Friday, July 9, 2010

Wrestling with Gambling

The latest scandal bedeviling the sumo world involves, as anyone who has read a newspaper or watched TV lately knows, wrestlers and stable masters revealed to have been gambling. The biggest problem involves wrestlers who have been betting on professional baseball, with the apparent involvement of the yakuza. Extortion added fuel to the media's fiery denunciations of the sumo association's oversight, and the usual parade of ex-policemen, sports journalists, essayists, lawyers, and various "experts" of various kinds appeared to add heat--but not much light--to the "discussion".

It didn't help that the gambling news came very soon after the scandal about yakuza having been provided with ring-side seats so that they would appear on TV and encourage their imprisoned friends watching the televised matches from their cells.

It could have been worse; the sumotori could have been betting on sumo matches, but I haven't heard even a hint that any of the wrestlers or stable masters were doing that. The news about baseball players caught betting on baseball barely lasted a day, being eclipsed utterly by the sumo gambling scandal.

So now an ozeki and a stable master have been fired, numerous others  have been suspended, the sumo association is reeling in disarray, and there was serious doubt for a while about whether the upcoming Nagoya basho (tournament) would take place.

NHK, after waffling for a couple of weeks, decided not to do their regular live broadcast for the first time in over 50 years, and several companies decided to withdraw their long-running (and very lucrative)  sponsorships, at least temporarily.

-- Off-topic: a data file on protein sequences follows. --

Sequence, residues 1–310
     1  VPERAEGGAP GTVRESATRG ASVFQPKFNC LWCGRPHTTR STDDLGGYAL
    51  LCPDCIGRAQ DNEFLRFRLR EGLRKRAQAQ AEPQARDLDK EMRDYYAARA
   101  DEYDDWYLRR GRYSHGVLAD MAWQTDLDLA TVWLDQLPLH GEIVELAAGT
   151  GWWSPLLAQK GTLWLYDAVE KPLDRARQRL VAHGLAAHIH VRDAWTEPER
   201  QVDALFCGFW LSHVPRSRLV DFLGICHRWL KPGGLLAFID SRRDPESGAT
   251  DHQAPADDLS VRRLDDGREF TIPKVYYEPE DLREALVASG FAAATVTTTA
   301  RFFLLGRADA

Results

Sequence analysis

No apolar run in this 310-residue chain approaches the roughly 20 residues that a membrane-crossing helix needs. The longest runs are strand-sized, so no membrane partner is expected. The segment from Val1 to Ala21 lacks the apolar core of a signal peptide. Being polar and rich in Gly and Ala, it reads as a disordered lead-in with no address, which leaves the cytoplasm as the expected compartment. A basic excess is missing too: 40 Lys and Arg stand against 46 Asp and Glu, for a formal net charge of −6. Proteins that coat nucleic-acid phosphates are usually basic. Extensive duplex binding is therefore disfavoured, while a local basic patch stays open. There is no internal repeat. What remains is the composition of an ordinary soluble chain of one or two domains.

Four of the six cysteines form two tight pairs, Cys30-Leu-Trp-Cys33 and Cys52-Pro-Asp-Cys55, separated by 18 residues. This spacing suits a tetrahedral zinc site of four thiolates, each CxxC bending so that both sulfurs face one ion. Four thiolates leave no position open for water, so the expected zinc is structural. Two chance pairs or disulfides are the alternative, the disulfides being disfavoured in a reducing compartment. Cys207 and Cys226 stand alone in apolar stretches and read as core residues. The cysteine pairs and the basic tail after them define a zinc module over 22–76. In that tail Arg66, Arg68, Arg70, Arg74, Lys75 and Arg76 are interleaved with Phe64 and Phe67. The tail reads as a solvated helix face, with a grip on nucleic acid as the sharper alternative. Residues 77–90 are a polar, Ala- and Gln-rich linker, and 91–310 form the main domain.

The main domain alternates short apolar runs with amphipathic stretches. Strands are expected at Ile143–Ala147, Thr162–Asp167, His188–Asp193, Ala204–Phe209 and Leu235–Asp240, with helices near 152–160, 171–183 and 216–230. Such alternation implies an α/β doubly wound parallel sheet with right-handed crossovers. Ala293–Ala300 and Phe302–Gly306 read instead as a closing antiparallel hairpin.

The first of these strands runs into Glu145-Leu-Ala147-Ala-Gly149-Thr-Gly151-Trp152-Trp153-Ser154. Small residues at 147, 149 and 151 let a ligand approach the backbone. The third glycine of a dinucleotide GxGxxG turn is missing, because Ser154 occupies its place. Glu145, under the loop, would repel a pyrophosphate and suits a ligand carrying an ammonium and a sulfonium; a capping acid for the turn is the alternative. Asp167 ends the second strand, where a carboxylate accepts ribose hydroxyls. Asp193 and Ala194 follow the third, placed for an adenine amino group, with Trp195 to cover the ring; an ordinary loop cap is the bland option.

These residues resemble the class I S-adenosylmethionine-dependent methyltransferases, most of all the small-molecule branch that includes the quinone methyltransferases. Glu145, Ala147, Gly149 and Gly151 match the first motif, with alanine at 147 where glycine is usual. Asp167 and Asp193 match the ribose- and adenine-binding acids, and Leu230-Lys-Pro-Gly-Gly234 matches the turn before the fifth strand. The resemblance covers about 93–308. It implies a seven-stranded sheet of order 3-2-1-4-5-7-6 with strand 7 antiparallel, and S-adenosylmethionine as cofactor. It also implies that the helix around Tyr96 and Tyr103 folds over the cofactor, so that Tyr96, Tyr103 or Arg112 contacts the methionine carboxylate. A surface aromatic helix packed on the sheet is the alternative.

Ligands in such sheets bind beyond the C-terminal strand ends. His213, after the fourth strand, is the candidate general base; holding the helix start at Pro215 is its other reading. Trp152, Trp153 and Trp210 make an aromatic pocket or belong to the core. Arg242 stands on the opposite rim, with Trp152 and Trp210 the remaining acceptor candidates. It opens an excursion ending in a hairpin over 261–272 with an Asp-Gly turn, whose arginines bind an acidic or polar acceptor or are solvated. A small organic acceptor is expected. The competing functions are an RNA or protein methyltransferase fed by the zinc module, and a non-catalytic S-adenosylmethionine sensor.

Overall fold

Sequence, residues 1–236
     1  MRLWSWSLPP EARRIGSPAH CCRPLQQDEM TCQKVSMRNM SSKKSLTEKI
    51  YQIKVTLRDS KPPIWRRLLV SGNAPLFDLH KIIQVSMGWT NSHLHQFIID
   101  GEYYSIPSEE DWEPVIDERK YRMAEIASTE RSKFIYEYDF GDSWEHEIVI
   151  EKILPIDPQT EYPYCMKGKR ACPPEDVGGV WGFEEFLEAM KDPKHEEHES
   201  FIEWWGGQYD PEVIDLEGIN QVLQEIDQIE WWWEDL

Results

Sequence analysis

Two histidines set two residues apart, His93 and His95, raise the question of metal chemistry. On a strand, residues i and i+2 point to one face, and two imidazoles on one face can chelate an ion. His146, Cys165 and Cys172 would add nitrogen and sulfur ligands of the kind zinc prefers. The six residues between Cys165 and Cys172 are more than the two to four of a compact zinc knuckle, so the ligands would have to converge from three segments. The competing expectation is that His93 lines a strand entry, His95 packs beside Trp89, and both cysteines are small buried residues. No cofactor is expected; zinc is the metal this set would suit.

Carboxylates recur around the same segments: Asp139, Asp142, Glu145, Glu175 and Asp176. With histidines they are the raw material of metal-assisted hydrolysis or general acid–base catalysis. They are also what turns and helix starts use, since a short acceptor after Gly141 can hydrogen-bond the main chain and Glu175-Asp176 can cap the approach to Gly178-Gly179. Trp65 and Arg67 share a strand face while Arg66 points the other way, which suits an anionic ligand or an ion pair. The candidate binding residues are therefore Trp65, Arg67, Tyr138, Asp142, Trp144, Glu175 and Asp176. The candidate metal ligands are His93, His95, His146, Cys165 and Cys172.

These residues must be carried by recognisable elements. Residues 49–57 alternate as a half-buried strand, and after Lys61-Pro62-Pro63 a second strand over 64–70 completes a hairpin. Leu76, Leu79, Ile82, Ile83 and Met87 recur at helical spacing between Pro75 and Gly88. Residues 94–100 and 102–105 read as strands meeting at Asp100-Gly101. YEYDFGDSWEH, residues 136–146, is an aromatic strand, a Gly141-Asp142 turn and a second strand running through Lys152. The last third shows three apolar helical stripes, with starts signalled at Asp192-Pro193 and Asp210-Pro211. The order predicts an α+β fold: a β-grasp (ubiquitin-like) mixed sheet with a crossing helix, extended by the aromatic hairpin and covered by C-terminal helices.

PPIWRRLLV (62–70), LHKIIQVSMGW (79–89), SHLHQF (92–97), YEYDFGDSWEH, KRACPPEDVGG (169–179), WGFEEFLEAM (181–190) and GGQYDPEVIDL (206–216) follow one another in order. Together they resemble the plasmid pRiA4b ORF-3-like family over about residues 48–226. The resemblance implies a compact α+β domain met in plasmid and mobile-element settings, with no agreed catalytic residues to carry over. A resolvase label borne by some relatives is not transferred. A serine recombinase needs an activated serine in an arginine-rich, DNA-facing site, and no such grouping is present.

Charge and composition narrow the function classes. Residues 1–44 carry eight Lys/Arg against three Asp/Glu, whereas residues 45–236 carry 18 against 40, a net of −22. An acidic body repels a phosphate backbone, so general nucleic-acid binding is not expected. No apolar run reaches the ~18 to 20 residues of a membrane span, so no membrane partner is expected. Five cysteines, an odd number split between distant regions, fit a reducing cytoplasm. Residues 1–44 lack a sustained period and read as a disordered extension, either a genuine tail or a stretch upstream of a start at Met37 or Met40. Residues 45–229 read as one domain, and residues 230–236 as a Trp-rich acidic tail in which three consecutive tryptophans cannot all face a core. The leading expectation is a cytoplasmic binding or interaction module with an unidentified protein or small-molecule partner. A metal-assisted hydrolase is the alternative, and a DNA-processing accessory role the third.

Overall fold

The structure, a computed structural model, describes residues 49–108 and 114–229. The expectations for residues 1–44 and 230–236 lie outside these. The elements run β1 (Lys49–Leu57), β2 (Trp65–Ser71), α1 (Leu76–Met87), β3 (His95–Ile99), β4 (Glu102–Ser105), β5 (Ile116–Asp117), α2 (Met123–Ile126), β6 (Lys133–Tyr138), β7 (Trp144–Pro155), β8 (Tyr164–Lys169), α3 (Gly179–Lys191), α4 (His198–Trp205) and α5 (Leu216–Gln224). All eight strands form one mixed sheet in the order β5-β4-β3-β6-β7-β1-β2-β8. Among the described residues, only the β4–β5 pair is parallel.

I can follow the strong negative reaction to gambling wrapped up with the yakuza, particularly since the news followed rather closely on other scandals involving drug use by a couple of wrestlers, a fatal hazing incident,  and the spectacular fall from grace of ex-yokozuna Asashoryu after what seems to have been a drunken brawl.

Canceling the Nagoya basho would have been very unfair to the many other sumotori who have been diligently practicing and were evidently uninvolved in gambling. I think NHK (no strangers to scandals themselves, by the way) made a very bad call in deciding not to televise the tournament. They claim that 68% of the 13,000 viewers who contacted them advocated not televising, but I very seriously doubt that's an even distribution of viewer sentiment (what about the millions who didn't call?), and it's definitely punishing the innocent.

It was predictable, though, as were the various sponsors' flights: they are trying to avoid being tainted by scandal and being seen as supporting malefactors.

What bothers me most about this whole situation, though, is that it's not only about betting on baseball, or even about gambling involving yakuza. Some of the suspended wrestlers were gambling in card games or in mah jong games, and although I might have missed it, I haven't heard that those involved the yakuza. Nevertheless, many announcers and news analysts (along with those ubiquitous "experts") have been wringing their hands and making all sorts of outraged noises about all of this terrible gambling.

Give me a break.

I've known hundreds of people who play mah jong, and known of maybe a couple of thousand more, and every single one of them played for money. Maybe not a lot of money but, like friendly poker games, people who play mah jong bet on it. Including probably at least half—and I'm being very conservative here—of the people on TV who are bemoaning the moral turpitude of the sumotori who did it. I don't really know about card games, since I haven't seen or heard of that many card games being played in Japan. But virtually every adult who plays mah jong--and that's a lot of people--bets on it.

I'm not a gambler myself, but if I were I'd be very unhappy to be reviled for it by anyone who plays mah jong, or even pachinko, the vastly popular pinball game in which—very ingenuously—one wins prizes, not money,  so it's not technically gambling…but every pachinko parlor has, within a few steps of the door, a place where those prizes can be exchanged for cash. I've known a couple of professional pachinko players, in fact; quite a few people make a living at it.

Castigating people, sumo wrestlers or not, for doing what millions of their countrymen do daily—gambling for money--is amazingly hypocritical. Unfortunately, in Japan blatant and widespread hypocrisy is something that you can bet on happening.

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